We are here to encourage the development of gifted young singers and to stimulate the growth of New York City's invaluable chamber opera companies. But we will not neglect the Metropolitan Opera either. Get ready for bouquets and brickbats.

Thursday, April 3, 2014


Kim (David) Smith at Le Poisson Rouge
Kim Smith is more than a singer; he is a performer, an entertainer and, in many ways, a magician.  He can wave his magic hands and transform an ordinary song into something totally original.  This Australian recording artist put on quite a show last night at Le Poisson Rouge, keeping the audience on the edges of their seats and quiet as mice.

What we enjoyed most was Kim unadorned, sans amplification, with only an accordion as accompaniment.  Not that there is anything shabby about his band; excellent musicians all--a versatile guitarist, bass player and drummer joined the accordion--but that as a lover of lieder we are most interested in his interesting voice and the well-chosen texts which were occasionally drowned out by the loud music.

Mr. Smith creates quite an image onstage--expressive eyes ringed in kohl, sparkles in his hair, wearing a white shirt and bowtie with a leather harness on top.  He has an angelic face but makes himself out to be an irresistible naughty boy.

But it is the way he uses his voice and his body that makes him so compelling a performer.  His phrasing is unique and his vocal colors highly expressive.  His gestures hold one in thrall.  All he needs to do is to crook a finger or two and we are in a trance.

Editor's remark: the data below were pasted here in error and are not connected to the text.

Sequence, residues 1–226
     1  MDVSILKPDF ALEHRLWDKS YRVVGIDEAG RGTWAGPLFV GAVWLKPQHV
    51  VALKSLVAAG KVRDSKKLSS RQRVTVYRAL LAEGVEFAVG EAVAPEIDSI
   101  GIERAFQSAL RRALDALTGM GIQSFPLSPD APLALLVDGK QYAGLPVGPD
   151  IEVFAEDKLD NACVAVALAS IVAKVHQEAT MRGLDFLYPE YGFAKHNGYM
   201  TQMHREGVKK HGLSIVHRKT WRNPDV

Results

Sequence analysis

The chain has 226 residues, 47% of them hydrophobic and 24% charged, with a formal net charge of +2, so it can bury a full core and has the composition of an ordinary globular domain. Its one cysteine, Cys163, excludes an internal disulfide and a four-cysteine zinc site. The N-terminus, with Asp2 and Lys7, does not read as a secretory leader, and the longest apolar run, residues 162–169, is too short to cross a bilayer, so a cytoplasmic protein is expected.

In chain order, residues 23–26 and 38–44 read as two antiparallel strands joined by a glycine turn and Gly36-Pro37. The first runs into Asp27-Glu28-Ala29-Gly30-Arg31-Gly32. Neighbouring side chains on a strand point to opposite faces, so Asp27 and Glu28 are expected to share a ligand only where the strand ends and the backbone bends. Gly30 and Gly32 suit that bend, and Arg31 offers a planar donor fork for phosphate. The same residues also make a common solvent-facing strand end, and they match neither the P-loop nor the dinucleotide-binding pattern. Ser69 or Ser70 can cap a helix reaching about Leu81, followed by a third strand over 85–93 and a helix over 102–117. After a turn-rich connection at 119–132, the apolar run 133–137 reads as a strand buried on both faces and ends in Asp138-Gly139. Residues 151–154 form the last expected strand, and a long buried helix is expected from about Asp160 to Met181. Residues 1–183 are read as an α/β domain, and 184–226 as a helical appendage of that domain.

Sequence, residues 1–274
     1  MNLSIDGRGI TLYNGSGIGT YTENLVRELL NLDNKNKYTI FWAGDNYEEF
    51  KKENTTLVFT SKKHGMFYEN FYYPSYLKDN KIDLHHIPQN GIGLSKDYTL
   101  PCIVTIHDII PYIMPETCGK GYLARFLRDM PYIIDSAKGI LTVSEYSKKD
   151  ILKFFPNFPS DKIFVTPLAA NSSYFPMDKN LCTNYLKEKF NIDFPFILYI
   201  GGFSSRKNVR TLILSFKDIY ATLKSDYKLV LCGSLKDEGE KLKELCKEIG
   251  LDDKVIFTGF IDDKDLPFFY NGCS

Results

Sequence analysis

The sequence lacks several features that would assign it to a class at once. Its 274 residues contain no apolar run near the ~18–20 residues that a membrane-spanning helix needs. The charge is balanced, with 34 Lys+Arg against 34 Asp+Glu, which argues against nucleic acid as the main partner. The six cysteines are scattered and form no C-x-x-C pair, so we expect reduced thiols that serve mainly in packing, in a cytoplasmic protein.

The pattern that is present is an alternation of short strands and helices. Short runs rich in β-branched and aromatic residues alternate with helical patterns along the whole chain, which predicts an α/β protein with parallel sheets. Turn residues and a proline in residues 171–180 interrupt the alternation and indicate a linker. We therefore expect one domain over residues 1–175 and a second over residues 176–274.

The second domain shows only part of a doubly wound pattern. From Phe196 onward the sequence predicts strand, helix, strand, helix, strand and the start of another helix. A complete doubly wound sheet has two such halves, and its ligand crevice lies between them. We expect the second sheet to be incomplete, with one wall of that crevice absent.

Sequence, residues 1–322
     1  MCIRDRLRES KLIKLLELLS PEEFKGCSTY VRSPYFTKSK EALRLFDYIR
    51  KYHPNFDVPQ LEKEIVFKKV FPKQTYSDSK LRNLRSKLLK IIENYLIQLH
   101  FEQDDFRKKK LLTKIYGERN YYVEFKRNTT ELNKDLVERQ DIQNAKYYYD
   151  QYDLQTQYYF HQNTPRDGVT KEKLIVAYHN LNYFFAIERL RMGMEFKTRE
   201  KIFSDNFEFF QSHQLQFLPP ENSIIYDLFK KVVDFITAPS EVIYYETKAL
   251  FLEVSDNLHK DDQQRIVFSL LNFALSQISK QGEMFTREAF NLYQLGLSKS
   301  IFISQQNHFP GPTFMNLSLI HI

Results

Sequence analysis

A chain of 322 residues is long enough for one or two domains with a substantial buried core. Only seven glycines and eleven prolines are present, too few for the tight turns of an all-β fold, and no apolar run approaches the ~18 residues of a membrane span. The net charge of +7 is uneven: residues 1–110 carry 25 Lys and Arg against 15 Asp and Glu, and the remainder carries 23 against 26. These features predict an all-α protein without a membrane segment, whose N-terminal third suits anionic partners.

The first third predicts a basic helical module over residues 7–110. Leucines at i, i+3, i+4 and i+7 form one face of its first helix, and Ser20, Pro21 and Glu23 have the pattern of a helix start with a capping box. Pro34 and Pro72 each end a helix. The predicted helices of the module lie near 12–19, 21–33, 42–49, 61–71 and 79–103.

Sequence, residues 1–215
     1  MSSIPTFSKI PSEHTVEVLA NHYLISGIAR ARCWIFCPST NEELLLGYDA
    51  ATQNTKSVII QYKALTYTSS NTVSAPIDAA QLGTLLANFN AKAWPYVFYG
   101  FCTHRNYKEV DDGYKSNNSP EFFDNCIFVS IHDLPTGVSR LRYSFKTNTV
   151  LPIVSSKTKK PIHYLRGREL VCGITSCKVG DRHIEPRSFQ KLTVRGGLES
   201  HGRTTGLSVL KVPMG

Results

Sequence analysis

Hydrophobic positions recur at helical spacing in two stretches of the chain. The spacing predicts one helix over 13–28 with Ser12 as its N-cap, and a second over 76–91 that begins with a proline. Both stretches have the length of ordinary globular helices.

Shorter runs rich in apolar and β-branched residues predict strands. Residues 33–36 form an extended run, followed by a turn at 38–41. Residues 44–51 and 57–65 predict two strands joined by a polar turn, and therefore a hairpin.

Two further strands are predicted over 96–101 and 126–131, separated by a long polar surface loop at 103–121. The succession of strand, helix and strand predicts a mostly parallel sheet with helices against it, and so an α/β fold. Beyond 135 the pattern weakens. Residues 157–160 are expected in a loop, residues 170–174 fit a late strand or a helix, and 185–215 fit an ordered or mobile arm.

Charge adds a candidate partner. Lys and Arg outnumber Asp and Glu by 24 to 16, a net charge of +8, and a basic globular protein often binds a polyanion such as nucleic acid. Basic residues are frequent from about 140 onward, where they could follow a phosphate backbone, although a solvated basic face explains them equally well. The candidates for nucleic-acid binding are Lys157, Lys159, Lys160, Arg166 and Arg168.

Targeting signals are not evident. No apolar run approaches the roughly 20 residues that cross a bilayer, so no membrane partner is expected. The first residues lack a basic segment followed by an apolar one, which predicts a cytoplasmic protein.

His repertoire is heterogeneous, comprising German cabaret, French chanson, opera, American pop and seriously disturbing songs as well.  One of our favorites was "Pirate Jenny" from Kurt Weill's  Three Penny Opera with scathing lyrics by Marc Blitzstein.  Another was "Padam, Padam" made famous by Edith Piaf.  "Summertime" from George Gershwin's Porgy and Bess, with lyrics by DuBose Heyward made an indelible impression.

Sonny Bono's "Bang Bang", made famous by Cher, was given an original twist.  Abel Meeropol's "Strange Fruit"--made famous by Billie Holliday--was performed within a medley of songs about the South and presented disturbing imagery.

If we had one disappointment in the evening it was a song we have heard Mr. Smith perform dozens of times, a song he sings better than any classical recitalist, and usually given by them as an encore--William Bolcom's  "Black Max".  The song has a wonderful melody and the words describe a most interesting character from the seedy side of Rotterdam.  It wasn't the singing or the superb interpretation that bothered us; it was the overly elaborate orchestration which detracted from Mr. Smith's performance. 

Mr. Smith's engaging banter wove the songs together as he flirted with the audience and drew them in, in his own inimitable way.  If you have never seen one of his frequent performances around New York, you owe it to yourself to watch for one in the future.  Or, you could buy one of his two excellent CD's.

© meche kroop

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